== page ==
Letting agents in London who were hoping Trading Standards would ease off investigating those who don’t display their fees properly as the fees ban looms have been in for a nasty shock.
Over the past three months letting agents in the capital have been fined £370,000 by the city’s 15 trading standards offices, it has been revealed.
The fines are part of a big push by the capital-wide organisation that coordinates the policing of businesses in the city, London Trading Standards, to crack down on “rogue letting agents who flout the law”.
The shocking figures highlighting the level of fines levied on letting agents have been released to coincide with a week-long campaign of activity by the organisation, which kicked off on Monday highlighting knife crime, followed by lettings and property management firms yesterday.
London Trading Standards is focussing largely on agents who don’t display their fees clearly and issuing fines of up to £5,000 to those who transgress “to improve the rental experience for customers”.
Its most high-profile scalp was earlier this month when Camden Council’s trading standards department won an appeal in the Upper Tier Tribunal against Foxtons using the term ‘administration fees’, which led to the firm facing a penalty charge of £18,000.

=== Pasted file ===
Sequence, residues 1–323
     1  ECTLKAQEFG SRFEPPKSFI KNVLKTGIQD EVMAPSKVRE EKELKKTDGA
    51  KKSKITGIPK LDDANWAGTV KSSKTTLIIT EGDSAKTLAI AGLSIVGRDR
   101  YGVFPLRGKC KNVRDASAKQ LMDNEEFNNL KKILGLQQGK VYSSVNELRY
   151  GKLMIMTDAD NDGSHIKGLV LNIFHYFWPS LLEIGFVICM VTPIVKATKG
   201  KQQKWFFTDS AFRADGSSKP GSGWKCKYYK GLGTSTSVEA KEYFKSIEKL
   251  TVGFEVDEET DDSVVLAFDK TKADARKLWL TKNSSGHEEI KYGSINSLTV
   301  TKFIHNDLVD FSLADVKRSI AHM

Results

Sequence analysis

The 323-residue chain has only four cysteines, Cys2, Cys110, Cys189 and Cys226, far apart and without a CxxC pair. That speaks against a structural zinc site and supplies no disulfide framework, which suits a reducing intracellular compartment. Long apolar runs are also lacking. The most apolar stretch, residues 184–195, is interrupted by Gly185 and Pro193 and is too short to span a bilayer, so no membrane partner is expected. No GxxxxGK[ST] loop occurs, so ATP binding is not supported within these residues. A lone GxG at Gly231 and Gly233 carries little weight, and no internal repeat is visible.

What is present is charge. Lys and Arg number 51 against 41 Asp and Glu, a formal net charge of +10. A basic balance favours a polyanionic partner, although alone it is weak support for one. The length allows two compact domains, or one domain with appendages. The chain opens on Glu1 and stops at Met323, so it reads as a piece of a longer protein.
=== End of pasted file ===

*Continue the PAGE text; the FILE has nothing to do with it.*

“London’s two million renters deserve a better deal, which is why the Mayor [of London] has worked closely with partners across the sector to persuade Government to ban letting agent fees and cap rental deposits,” says James Murray, Deputy Mayor for Housing and Residential Development (pictured, left).
But it’s not all stick and no carrot. London Trading Standards says it is working closely with the National Approved Letting Scheme (NALS) to improve standards in London, which has included implementing the online NALS Enforcement Toolkit training course, which helps train local authority staff to regulate letting agents more effectively.
“Trading Standards play a vital enforcement role in the lettings landscape, ensuring agents trade fairly and consumers are protected,” says Isobel Thomson, CEO of NALS.
“We are delighted that London has taken a lead in increasing their activity and raising awareness so that rogue agents should not simply slip under the radar.”